We’re virtually here to help!

By CPN Behavioral Health Department
Citizen Potawatomi Nation Health Services


You may be asking yourself, “Why am I the only one who is still wearing a mask?”

For those of us still following recommendations of maintaining a distance of at least six feet from others, restricting social interactions and wearing a mask, it can be frustrating to look around and see so few others doing the same.

So, how can we deal with that frustration? First, we all need to remember that we can only be responsible for our dependents and ourselves. As long as we do what is recommended to keep us and those around us safe, we are doing our part. To steal a line from Oklahoma City Mayor, and citizen of the Osage Nation, David Holt, “Keep your distance, wash your hands, and wear your mask.” Keep reminding yourself that you cannot take care of everyone.

Second, try to relax. In some of the previous articles, we have addressed things to do like breathing exercises, taking a walk, changing our thoughts and many other things to help get to a place where we can think rationally.

Third, try not to judge, and try to understand. Those can be difficult tasks. Really make an effort to try to figure out how other people are thinking. When we feel irritated, frustrated or annoyed with other people, trying to understand them and their thoughts will certainly help reduce those feelings. Almost every time we feel one of these three feelings, it is because we do not understand something about where others are coming from.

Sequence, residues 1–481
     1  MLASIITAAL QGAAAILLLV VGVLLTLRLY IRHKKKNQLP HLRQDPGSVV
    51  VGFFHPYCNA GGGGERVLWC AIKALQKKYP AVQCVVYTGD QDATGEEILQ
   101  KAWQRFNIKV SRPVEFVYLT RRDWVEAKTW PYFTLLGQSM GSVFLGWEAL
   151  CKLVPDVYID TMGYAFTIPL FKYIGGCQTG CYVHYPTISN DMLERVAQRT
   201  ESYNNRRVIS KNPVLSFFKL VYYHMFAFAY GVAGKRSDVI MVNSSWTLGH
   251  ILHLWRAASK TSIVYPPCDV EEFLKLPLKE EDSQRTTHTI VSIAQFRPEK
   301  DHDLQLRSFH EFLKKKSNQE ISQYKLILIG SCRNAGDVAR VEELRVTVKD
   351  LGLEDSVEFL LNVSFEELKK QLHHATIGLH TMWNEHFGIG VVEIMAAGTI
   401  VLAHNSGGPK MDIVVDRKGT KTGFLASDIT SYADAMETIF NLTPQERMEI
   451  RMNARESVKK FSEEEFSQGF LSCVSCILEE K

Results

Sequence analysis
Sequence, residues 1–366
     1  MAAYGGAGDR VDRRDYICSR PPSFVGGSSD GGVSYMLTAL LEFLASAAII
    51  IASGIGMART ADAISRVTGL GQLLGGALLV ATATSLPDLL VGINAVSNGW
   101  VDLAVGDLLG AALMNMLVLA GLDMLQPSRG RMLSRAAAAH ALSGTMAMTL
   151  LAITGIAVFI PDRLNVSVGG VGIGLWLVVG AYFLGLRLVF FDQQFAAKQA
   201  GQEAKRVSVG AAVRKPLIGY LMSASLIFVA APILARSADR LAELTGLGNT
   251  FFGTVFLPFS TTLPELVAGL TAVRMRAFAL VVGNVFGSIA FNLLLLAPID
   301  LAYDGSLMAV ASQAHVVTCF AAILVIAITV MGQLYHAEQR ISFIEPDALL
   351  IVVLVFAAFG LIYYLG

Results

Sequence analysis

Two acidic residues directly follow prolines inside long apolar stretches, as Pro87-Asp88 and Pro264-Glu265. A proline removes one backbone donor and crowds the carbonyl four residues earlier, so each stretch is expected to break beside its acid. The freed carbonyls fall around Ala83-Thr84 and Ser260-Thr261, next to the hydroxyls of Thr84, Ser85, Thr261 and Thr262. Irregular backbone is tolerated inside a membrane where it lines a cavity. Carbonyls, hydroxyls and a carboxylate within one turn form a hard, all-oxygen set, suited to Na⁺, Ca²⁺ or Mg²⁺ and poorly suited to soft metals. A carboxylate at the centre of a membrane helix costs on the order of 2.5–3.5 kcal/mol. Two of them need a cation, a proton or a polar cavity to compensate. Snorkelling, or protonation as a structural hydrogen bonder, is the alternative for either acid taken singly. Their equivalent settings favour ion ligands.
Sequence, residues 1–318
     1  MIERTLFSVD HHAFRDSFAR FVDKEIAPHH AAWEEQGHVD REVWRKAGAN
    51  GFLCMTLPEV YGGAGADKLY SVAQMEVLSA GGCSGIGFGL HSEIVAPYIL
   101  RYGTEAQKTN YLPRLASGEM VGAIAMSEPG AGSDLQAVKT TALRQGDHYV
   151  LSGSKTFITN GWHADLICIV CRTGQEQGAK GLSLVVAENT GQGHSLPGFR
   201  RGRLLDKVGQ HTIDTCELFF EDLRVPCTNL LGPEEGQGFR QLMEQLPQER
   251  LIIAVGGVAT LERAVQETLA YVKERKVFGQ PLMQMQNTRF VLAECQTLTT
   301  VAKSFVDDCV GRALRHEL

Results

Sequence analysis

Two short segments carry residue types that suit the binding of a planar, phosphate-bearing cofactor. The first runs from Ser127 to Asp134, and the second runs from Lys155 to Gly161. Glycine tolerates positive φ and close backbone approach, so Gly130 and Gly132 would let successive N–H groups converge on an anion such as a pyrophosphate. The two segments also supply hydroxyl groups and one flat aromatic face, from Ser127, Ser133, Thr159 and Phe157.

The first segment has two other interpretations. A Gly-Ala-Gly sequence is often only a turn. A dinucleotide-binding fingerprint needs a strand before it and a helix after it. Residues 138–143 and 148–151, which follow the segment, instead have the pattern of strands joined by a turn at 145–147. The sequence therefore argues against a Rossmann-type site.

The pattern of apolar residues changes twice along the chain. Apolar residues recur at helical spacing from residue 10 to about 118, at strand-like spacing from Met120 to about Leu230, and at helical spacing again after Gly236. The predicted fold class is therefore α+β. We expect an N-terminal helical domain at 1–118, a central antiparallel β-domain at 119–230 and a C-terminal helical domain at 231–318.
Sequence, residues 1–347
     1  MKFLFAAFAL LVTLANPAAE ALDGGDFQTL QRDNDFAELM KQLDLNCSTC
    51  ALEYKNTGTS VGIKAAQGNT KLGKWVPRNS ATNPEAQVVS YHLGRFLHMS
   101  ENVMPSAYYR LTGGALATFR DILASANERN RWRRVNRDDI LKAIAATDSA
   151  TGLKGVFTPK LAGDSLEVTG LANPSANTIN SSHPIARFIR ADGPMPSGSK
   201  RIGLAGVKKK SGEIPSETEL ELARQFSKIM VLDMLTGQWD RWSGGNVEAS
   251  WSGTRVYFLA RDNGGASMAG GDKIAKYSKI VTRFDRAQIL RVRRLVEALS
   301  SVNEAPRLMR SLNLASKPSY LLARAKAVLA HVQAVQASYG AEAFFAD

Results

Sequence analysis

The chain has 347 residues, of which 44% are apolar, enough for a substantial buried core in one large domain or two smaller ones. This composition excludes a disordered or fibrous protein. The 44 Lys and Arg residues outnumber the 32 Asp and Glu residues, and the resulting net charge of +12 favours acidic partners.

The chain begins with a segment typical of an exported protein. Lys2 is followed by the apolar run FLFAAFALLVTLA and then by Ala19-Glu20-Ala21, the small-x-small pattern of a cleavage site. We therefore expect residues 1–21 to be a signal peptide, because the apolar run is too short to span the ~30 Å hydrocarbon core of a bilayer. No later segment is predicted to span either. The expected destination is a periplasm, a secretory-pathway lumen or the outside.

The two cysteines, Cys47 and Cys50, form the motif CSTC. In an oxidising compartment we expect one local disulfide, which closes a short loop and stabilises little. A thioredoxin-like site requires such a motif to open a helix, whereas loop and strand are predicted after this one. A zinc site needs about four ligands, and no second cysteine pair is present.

So, while some people are not wearing masks and appear to be reluctant to heed warnings of medical professionals, what we can do right now is to follow those warnings ourselves and try to be understanding of those who do not. Understand that they are most often scared too and show it in a different way.

While trying to understand, remember those words urging us to keep our distance, wash our hands and wear a mask.

Of course, you can always check with the Center for Disease Control and Prevention at cdc.gov with questions and helpful information during this time. The National Suicide Prevention Lifeline is also available at 1-800-273-TALK(8255) or text CONNECT to 741741, or online at suicidepreventionlifeline.org.

(Thank you)!